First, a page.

The Rev. Raymond Payne is hard to profile as anything other than a figure fit for a Norman Rockwell tableau.
Payne is pastor of the Mead Memorial United Methodist Church in the tiny town of Russell, Ky. - a community he describes as a place where "you sit on your front porch and wave to the people you know who walk by." Russell is "not in any way, shape or form a hotbed of radicalism," the minister says.
Nor is Payne a radical or even a political activist. He is 53 and says he has never been involved in politics or attended a protest or been arrested. He's been married to the same woman for more than three decades.
It was the occasion of his 31st wedding anniversary that plunged Payne into the scary post-9/11 world of those citizens who have come to find out that their innocent activities, heretofore protected under the First Amendment, somehow make them suspect. Payne and his wife, on an anniversary trip to Canada last October, were stopped, searched and questioned by Canadian border authorities who sought to find out just what the couple was doing crossing at Niagara Falls.
"They put me in what I can only describe as an interrogation room," Payne recalls. "Where was I from? Where was I born? Was I a citizen of the United States? They asked us the same sort of questions, over and over again."
The Canadians explained the stop was necessary because the FBI had opened a file on Payne in 2001.
This was news to Payne. He does not know whether it is true or, if it is, why such a dossier would exist. He suspects it might be because of some books about Islam he ordered over the Internet after 9/11. Payne says the books were for study groups he organized at church due to his parishioners' curiosity about a religion that was so foreign to them, yet suddenly had touched their lives.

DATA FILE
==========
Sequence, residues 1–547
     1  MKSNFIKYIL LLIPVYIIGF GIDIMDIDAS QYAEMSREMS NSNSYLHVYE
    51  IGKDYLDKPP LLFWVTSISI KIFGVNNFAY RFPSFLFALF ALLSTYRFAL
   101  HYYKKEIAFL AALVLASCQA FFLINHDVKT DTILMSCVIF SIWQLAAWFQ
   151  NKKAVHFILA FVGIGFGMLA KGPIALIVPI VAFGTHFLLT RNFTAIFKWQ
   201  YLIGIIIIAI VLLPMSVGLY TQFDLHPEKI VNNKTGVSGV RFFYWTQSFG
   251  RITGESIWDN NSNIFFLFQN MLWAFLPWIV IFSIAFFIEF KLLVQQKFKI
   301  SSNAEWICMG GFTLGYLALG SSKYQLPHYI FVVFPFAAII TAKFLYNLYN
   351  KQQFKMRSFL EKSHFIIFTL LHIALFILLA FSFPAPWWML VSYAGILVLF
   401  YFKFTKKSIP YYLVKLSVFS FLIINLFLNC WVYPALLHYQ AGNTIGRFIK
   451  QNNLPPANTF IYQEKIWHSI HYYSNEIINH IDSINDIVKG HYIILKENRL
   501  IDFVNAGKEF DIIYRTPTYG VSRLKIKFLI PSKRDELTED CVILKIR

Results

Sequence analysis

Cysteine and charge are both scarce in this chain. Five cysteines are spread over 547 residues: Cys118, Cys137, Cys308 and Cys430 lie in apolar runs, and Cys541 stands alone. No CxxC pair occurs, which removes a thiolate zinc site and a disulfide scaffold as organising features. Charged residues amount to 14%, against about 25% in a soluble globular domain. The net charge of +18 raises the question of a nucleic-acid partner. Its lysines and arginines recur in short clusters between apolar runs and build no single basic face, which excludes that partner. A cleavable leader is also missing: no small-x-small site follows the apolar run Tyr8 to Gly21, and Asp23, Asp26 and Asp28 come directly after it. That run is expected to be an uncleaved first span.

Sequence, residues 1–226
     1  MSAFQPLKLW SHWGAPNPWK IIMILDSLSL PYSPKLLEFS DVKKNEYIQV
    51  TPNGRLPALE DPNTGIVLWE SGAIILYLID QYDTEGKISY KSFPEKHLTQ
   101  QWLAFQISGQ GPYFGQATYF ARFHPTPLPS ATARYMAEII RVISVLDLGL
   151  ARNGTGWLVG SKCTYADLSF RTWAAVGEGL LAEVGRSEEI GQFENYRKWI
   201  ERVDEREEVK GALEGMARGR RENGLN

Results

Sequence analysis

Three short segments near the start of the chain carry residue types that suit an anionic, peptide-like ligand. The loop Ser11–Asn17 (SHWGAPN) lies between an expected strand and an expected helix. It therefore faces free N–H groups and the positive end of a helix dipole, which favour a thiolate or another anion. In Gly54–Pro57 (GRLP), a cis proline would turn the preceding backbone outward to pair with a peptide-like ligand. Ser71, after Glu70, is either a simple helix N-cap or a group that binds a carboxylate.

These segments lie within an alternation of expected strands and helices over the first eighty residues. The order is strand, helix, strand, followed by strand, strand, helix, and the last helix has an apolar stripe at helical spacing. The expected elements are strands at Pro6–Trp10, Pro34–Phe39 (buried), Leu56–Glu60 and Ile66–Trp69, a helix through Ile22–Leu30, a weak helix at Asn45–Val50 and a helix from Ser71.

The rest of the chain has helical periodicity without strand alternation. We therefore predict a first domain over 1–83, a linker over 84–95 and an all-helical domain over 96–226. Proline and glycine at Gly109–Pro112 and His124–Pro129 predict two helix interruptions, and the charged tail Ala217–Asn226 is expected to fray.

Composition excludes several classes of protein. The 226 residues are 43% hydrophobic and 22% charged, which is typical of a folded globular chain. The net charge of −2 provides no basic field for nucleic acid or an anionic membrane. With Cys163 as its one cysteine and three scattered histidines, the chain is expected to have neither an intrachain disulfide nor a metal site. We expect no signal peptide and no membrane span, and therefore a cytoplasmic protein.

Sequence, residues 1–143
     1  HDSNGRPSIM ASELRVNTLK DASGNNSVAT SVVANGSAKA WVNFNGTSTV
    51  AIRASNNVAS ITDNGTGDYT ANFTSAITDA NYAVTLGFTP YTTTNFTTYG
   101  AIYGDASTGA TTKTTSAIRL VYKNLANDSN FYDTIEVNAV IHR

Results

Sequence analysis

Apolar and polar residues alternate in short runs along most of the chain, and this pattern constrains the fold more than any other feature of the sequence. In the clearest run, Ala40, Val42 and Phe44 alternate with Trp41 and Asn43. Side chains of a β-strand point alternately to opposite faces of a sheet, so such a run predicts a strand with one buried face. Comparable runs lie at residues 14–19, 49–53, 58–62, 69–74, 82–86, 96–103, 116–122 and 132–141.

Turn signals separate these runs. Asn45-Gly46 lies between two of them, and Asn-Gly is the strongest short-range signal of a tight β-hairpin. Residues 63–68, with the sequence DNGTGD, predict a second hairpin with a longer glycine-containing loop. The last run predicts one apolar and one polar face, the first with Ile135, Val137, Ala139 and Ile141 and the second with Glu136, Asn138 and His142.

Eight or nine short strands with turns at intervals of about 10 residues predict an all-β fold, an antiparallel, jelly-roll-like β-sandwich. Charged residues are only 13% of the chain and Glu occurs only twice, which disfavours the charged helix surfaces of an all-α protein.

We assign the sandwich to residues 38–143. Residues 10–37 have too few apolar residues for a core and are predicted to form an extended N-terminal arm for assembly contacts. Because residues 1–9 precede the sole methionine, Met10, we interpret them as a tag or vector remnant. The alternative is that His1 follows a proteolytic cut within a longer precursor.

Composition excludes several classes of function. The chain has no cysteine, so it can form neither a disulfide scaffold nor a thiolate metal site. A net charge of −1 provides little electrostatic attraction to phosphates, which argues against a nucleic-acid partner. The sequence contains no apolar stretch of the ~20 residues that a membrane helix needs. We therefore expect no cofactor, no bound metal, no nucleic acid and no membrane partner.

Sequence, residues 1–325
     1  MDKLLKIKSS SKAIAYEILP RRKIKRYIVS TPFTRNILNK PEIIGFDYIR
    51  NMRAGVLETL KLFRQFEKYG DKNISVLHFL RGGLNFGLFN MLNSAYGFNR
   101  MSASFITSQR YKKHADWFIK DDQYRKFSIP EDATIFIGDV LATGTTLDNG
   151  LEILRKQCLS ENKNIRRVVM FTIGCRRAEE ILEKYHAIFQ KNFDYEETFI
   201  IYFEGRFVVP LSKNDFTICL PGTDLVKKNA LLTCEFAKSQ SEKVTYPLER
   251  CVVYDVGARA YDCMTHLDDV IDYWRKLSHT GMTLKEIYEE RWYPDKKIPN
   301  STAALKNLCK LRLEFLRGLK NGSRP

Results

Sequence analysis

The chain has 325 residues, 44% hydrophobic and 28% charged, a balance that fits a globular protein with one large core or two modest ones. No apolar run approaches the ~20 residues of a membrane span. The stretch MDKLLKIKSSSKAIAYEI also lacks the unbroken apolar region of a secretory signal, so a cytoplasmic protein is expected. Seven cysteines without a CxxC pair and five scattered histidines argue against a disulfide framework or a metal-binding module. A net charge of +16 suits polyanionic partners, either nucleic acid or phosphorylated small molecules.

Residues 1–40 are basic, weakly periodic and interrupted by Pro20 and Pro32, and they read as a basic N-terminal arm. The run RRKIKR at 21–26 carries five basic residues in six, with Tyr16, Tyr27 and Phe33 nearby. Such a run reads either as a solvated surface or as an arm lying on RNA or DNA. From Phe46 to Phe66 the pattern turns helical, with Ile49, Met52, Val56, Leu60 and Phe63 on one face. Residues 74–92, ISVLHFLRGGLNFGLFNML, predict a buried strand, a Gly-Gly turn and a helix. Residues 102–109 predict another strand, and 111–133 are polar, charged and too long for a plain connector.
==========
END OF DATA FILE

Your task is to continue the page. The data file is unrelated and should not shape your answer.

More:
Payne is one of hundreds of individuals and groups now seeking to learn, through theFreedom of Information Act, what, if anything, the FBI's got on them. The request is coordinated by the American Civil Liberties Union, which says it has gotten word that 1,173 pages of documents about the ACLU itself have been amassed in FBI files since 2001.
The few files already released show, the ACLU says, that the bureau monitored mainstream anti-war groups that planned demonstrations to coincide with the Republican and Democratic national conventions last summer. From one such supposedly investigative file, we learn the contents of a public Web site maintained by the group United for Peace and Justice. The FBI believed it was sufficiently consequential to note that the group claims President George W. Bush launched two wars and is responsible for two tax cuts that help the wealthy.
The bureau, which isn't supposed to track political groups or individuals unless there is reason to suspect criminal activity, is officially silent about this long paper trail. Officials say, however, that there were genuine threats to "disrupt" the conventions. As for how it could amass more than 1,000 documents about the ACLU, the feds suggest that most of the file is paper that merely notes the group's name in some routine context.
Here is where hope and doubt collide.
The FBI, hapless before 9/11, has been given expanded powers since. Yet, it remains protective of its reputation for having ceased political snooping after the J. Edgar Hoover era. "If they didn't have anything to hide, why don't they just turn over the documents?" asks Ann Beeson of the ACLU. The ACLU and the Justice Department are in a legal duel over how fast the files must be handed over.
Payne says he worries about what it all means for the larger war on terror. If public resources are devoted to monitoring people like himself, is there a greater likelihood that a genuine threat might go unaddressed? If these thousands of pages were amassed for mere bureaucratic exercise, then we must be alarmed at the wheel-spinning waste. For this was chronic at the FBI before 9/11. It was supposed to have been cured by now.
© 2005 Newsday Inc.